What Poets Know

What Do Poets Know

If I can’t be the poet
Then let me be the pen
Let me feel the weight of words
The curves the edges of their skin
To know the aching joy of language
Lovemaking with truth. The whispered sigh
Turned to life unfolding growing long after
The pen runs dry. There are other pens in the world
Poets are harder to find

Do the poets know?

Do they listen somehow? Do they
Write into the dark? Throw life at the stars
To forget they ever loved the taste of bitter ink
The bloodless paper. The hopeless reach
Into the cluttered bag of itinerate kings
Snake oil salesmen ask tyrannical debts
For the taking from collective noise

What part do I play in this story?
Maybe the narrator maybe not the creator
Maybe just the witness, the Salieri
To life’s colorful Mozart
Unguarded I often find my heart skin soul
Tattooed into Celtic crosses foliated lines
From fallen fragments of the divine behind
The disappointingly human

The Higg’s Boson, Cosmic Fire and Friendship

Fates Gathering the Stars by Elihu Vedder, 1887

World War II on the Eastern Front. Ice storms rage around Nazi troops as they press through a forest outside Leningrad. Nestled within this scene of bitter cold and the mounting tension of combat, Lake Ladoga waits still, pure and remarkably unfrozen in spite of temperatures that dip below freezing. Battle erupts, soldiers clash, and the forest bursts into a wildfire. Soviet horses escape their stable, leap through the flames and dive into Lake Ladoga.

The next day, Italian war correspondent Curzio Malaparte walks out onto Lake Ladoga and finds himself surrounded by macabre ice sculptures of dead horses in their final gesture as the lake instantly froze around them. Finnish soldiers play on the horses like toys until the ice cracks in April, and the final moments of the horses of Lake Ladoga disappear below the surface.

Curzio Malaparte wrote about the horses of Lake Ladoga in his autobiographical novel Kaputt. Decades later, Malaparte’s story was taken up by astrophysicist Hubert Reeves as an example of a “phase shift” in physics. Normally when water reaches the point of freezing, the molecules turn in on themselves and crystalize. Sometimes when water is very still and pure there is nothing for the crystal to attach to, and the water remains liquid. There is tension in this state though, because the cold is pressing all around, and any disturbance will create an instant shift from liquid to ice. In the case of Lake Ladoga, it was the horses that allowed this shift to happen. Hubert Reeves used the horses of Lake Ladoga as a cosmic analogy of the early state of the Universe when pure energy shifted to matter. In the case of the Universe, it was the Higg’s Boson that allowed this shift to happen.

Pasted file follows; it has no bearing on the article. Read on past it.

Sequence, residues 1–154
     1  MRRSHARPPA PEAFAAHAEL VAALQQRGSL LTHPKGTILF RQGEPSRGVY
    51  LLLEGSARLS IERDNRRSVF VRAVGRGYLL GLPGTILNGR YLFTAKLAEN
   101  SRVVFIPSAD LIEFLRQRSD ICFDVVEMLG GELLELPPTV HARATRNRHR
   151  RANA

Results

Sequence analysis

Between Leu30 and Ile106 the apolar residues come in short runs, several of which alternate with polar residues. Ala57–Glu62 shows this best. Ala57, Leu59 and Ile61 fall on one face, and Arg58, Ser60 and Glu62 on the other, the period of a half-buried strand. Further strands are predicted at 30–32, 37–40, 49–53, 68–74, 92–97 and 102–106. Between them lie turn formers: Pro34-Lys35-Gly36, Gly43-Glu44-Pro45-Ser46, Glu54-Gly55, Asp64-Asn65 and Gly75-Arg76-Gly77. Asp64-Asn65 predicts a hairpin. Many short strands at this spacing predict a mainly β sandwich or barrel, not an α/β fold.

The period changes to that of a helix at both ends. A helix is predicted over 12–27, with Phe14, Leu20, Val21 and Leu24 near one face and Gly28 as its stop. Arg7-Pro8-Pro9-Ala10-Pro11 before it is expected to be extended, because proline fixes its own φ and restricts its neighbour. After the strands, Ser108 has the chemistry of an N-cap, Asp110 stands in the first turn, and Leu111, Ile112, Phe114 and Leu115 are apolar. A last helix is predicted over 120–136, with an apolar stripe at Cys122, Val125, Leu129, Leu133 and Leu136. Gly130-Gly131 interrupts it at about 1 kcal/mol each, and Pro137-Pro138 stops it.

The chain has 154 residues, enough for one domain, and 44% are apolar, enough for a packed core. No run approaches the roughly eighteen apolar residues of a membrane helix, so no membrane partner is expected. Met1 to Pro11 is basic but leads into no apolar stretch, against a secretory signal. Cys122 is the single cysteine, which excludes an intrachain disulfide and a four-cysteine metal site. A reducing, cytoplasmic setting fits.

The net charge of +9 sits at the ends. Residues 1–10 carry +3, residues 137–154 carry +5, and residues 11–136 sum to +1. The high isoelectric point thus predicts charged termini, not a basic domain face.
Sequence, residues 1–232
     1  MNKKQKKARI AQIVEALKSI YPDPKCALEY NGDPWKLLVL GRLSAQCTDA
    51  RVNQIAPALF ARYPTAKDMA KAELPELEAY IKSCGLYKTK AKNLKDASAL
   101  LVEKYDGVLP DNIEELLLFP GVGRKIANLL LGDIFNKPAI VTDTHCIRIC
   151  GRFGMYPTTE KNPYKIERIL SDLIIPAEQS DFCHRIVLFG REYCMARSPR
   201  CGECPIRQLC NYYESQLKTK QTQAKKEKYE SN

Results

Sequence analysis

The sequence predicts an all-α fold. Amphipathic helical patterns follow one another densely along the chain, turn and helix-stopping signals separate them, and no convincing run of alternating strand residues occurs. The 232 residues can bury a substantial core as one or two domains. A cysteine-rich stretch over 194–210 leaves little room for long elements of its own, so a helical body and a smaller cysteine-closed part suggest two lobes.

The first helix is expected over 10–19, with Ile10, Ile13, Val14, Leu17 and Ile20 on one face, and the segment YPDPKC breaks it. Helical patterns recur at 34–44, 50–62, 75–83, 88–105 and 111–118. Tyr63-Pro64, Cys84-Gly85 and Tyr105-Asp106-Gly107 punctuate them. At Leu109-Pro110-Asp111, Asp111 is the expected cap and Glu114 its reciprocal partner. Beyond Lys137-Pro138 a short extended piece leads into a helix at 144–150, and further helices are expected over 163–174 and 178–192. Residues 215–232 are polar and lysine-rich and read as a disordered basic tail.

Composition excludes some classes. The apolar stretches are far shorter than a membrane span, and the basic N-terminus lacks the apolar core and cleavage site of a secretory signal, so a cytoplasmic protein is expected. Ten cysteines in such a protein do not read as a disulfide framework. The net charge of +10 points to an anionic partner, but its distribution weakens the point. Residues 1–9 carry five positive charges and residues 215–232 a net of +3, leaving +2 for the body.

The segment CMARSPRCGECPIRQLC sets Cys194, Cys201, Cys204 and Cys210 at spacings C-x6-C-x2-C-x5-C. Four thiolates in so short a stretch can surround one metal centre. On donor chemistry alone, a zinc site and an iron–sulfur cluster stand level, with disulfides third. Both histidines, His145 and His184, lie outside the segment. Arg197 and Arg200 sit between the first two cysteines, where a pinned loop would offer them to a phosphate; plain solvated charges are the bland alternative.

Click here to watch an example of super cool water.

American filmmaker Walter Murch spends his spare time consuming science books but while on location in France, he found himself out of reading material. He wandered down to the local bookshop where he picked up the French book on cosmology by Hubert Reeves with the Lake Ladoga anecdote by Curzio Malaparte. Murch became so fascinated by Malaparte’s story that he translated his work into English. Murch published The Bird That Swallowed its Cage: The Selected Writings of Curzio Malaparte. Murch also went on to make a documentary on the search for the Higg’s Boson where Malaparte’s horses of Lake Ladoga was used again to illustrate the phase shift from pure energy to matter.

Click here for more on Murch, Malaparte and the documentary Particle Fever

It seems to me that the story of Malaparte and Murch is its own little universal shift. An Italian anecdote on the ravages of war waits to be used in a French book on cosmology. A French book on cosmology waits to be read by an American filmmaker. Walter Murch is inspired to translate the nonscientific work of an Italian writer by a French work of science. Walter Murch goes on to make a documentary on the search for the Higg’s Boson, one of the greatest scientific discoveries of the 21st Century.  There is the universe of the Universe, and then there is the universe of Nature, and then there are the universes of our own little, individual lives.

And like Lake Lagoda I have waited pure and still and tense with the potential for change.

What becomes of you when someone else happens along and dips their finger in your lake? A sudden shift from energy to matter…an idea turned to a story or a song or a work of art or a class you always wanted to take but never had the guts….

Ekpyrosis, a word of ancient Greek origin. Defined as “conversion into fire.” The destruction that will convert the cosmos to re-creation. And from this ancient Greek word was named the ecpyrotic model of the Universe, the theory that the Universe did not start out as a singularity, but as a collision of two three dimensional worlds.

And here is where my musings will completely destroy the hard work of physics.

In my imagination, we are all our own little worlds. Connected by a string, we are spread like a necklace through the darkness. Every now and then “someone” or “something” shakes the string. We collide unexpectedly (though perhaps fatefully) with another world, another person. A whole new universe is created from the collision of two bodies. We could call it ekpyrotic friendship, this shift that allows it to happen.

My physics may be faulty, but my intentions are true. The best things in life are born from the fire of ekpyrotic friendship. Thank the Universe for them.

…or I would be a lake pure and still but without a story to tell.

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